Little Rock Central High School - site of the Little Rock Nine integration implementation in 1957.

Little Rock Central High School – site of the Little Rock Nine integration implementation in 1957.

Tree in front of Little Rock Central High School

Tree in front of Little Rock Central High School

Display of an experiment conducted to investigate the effects of segregation on children in the museum section of the LRCHS National Historic Site. Black and white children favored white baby dolls over black dolls during a series of categorized tests.

Display of an experiment conducted to investigate the effects of segregation on children in the museum section of the LRCHS National Historic Site. Black and white children favored white baby dolls over black dolls during a series of categorized tests.

Protestors for segregation - Recognize any commonalities to modern time political and social issues?

Protestors for segregation – Recognize any commonalities to modern time political and social issues?

Lady Opportunity - One of the Greek goddess features located above the main entrance of Little Rock Central High School. This statue displays "Opportunity". Ironically the school was originally for whites only.

Lady Opportunity – One of the Greek goddess located above the main entrance of Little Rock Central High School. This statue displays “Opportunity.” Ironically the school was originally for whites only.

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‘Thank you’ to those who led the way

An update from Denice, a graduate student in Liberal Studies, with an emphasis on social justice and human rights:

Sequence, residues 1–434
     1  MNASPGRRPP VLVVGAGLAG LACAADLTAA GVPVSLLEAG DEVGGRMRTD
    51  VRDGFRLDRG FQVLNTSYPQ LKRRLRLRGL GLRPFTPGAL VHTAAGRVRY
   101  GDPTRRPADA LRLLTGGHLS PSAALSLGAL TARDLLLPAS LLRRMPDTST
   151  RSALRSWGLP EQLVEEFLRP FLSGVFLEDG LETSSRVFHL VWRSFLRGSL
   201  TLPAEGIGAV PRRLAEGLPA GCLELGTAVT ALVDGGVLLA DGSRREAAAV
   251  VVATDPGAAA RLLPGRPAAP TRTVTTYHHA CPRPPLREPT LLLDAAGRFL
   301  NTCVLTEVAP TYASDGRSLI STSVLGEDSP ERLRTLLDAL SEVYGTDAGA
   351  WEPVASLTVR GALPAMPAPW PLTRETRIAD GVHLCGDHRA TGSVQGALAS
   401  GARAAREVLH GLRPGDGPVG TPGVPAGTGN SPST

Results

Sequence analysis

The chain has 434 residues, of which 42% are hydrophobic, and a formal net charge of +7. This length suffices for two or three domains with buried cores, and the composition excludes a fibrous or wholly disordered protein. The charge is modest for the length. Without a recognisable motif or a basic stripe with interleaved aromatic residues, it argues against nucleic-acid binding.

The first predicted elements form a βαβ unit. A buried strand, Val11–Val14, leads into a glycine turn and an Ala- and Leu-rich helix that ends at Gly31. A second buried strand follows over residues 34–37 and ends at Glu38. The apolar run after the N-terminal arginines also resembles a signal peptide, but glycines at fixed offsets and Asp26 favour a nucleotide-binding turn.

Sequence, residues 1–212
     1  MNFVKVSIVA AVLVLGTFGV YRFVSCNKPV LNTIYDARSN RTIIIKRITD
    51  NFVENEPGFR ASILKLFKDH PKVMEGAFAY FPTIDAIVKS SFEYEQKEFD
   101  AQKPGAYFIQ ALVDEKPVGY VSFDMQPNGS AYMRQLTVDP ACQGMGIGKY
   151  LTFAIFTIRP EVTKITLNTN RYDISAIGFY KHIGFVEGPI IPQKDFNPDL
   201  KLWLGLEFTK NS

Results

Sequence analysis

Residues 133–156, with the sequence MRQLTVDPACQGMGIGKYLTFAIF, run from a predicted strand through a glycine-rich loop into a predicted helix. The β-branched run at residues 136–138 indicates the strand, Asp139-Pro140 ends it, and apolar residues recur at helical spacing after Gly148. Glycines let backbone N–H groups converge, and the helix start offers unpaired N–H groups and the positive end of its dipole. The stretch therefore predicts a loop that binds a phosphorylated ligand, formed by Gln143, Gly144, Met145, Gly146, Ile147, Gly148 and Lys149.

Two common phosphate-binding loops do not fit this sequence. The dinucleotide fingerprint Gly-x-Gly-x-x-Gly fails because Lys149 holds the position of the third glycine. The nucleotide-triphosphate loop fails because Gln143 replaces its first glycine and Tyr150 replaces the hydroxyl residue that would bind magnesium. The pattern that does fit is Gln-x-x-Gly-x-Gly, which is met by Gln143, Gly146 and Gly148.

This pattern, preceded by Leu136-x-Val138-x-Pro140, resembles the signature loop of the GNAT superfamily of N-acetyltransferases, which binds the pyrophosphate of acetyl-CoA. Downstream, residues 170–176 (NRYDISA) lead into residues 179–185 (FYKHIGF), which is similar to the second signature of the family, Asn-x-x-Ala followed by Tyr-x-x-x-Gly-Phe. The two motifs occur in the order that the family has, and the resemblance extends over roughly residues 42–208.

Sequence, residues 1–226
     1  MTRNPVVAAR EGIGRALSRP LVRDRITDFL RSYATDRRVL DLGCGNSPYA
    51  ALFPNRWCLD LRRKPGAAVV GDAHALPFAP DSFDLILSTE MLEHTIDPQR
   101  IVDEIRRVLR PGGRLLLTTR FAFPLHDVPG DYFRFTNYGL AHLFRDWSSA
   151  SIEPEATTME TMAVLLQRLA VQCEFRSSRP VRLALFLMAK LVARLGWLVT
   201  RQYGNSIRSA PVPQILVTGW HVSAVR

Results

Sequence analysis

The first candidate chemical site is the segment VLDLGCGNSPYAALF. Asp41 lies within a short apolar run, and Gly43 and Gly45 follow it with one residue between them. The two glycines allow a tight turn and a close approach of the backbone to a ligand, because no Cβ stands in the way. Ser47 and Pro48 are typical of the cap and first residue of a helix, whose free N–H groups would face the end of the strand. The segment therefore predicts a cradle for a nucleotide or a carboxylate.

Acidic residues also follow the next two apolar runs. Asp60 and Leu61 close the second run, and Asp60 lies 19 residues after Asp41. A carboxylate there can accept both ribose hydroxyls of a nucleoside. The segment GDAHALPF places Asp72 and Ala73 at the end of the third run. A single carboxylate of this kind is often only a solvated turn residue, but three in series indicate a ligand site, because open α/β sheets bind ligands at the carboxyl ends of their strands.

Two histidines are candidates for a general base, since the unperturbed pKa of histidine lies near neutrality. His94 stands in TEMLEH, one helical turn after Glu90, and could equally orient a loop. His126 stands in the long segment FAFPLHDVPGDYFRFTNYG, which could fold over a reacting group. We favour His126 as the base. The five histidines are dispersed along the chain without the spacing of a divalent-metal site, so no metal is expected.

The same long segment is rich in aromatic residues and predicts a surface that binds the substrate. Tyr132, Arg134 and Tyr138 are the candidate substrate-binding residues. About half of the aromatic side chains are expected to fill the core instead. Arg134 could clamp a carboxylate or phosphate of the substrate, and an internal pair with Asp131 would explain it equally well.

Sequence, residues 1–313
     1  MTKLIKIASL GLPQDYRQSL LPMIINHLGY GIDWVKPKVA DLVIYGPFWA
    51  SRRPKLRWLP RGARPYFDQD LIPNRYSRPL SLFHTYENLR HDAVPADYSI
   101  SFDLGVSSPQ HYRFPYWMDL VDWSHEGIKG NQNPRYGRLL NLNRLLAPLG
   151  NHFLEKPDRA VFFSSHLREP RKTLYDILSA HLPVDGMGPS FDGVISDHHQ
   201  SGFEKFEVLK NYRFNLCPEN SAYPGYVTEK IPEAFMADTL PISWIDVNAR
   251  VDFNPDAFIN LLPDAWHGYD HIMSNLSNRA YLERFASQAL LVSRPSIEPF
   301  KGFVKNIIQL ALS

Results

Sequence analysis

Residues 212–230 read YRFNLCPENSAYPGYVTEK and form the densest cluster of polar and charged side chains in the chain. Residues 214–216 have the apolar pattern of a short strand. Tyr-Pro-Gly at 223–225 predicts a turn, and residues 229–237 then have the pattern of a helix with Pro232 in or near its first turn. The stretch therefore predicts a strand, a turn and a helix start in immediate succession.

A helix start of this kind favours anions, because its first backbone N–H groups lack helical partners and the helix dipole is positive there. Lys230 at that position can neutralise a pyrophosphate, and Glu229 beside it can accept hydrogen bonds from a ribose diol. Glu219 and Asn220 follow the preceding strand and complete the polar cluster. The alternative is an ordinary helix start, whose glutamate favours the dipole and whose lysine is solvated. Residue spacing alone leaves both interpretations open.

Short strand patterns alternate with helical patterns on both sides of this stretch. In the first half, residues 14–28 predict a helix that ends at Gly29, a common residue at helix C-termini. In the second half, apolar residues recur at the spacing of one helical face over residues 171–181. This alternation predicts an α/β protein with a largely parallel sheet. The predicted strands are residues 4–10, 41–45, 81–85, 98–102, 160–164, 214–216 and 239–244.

imageThe poem “Hands,” by previous SMU Civil Rights Pilgrim Chrysta Brown, brought the events of the past to the forefront of my mind. Her poem expresses the appreciation of those well known and those unknown Heroes and Sheroes of the Movement through imagery of hands.

I think of those that went before me, paving the way for my freedom, education, ability to choose where to live and the ability to choose a career. I, too, would like to touch their hands and give a personal “Thank You!” to each and every one. There is no real way to do this but to take this experience and drop my pebble in the pond, generating the ripples that extend into the community, the state of Texas, and through the nation.

The fight will continue and We Shall Overcome!

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Civil rights movement isn’t over

An update from Jillian, a senior anthropology and human rights major:

As our trip comes to an end, I find myself very challenged by the ironic juxtaposition of the history of the Civil Rights Movement and the real-time condition of the movement’s participants. During our visit at Mt. Zion Church yesterday, our guest speaker was asked what the individuals who spent great time and energy fighting for the right to vote did after they had succeeded. The answer she gave was simple, yet shocking: they went back home.

DSC_0174The current reality for those who fought and advocated for civil rights, in addition to their children, continues to be one of perpetual poverty and societal oppression. While we cannot forget about the remarkable advances and achievements of the past civil rights movement, we must recognize the need for this continual advance. It is not enough for us to assume that the movement has gone and passed when it is still very much a part of the structural inequality we have in place today.

While at the Civil Rights Memorial Center in Montgomery, Alabama, this week, we were reminded about the current civil rights issues in our country today. Our tour guide stressed that we must educate ourselves and learn how to sympathize and empathize with the past civil rights advances in order to apply that understanding to the pressing issues of immigrant, Muslim, and LGBT discrimination today.

Offering a visual representation of this lack of completion within the fight for total and inclusive civil rights was the fountain displayed outside of the memorial center. Constructed as a timeline of specific events, the creator purposefully left a blank space between the last event and the present day, representing the need for civil rights work and activism today.

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A Voice for the Voiceless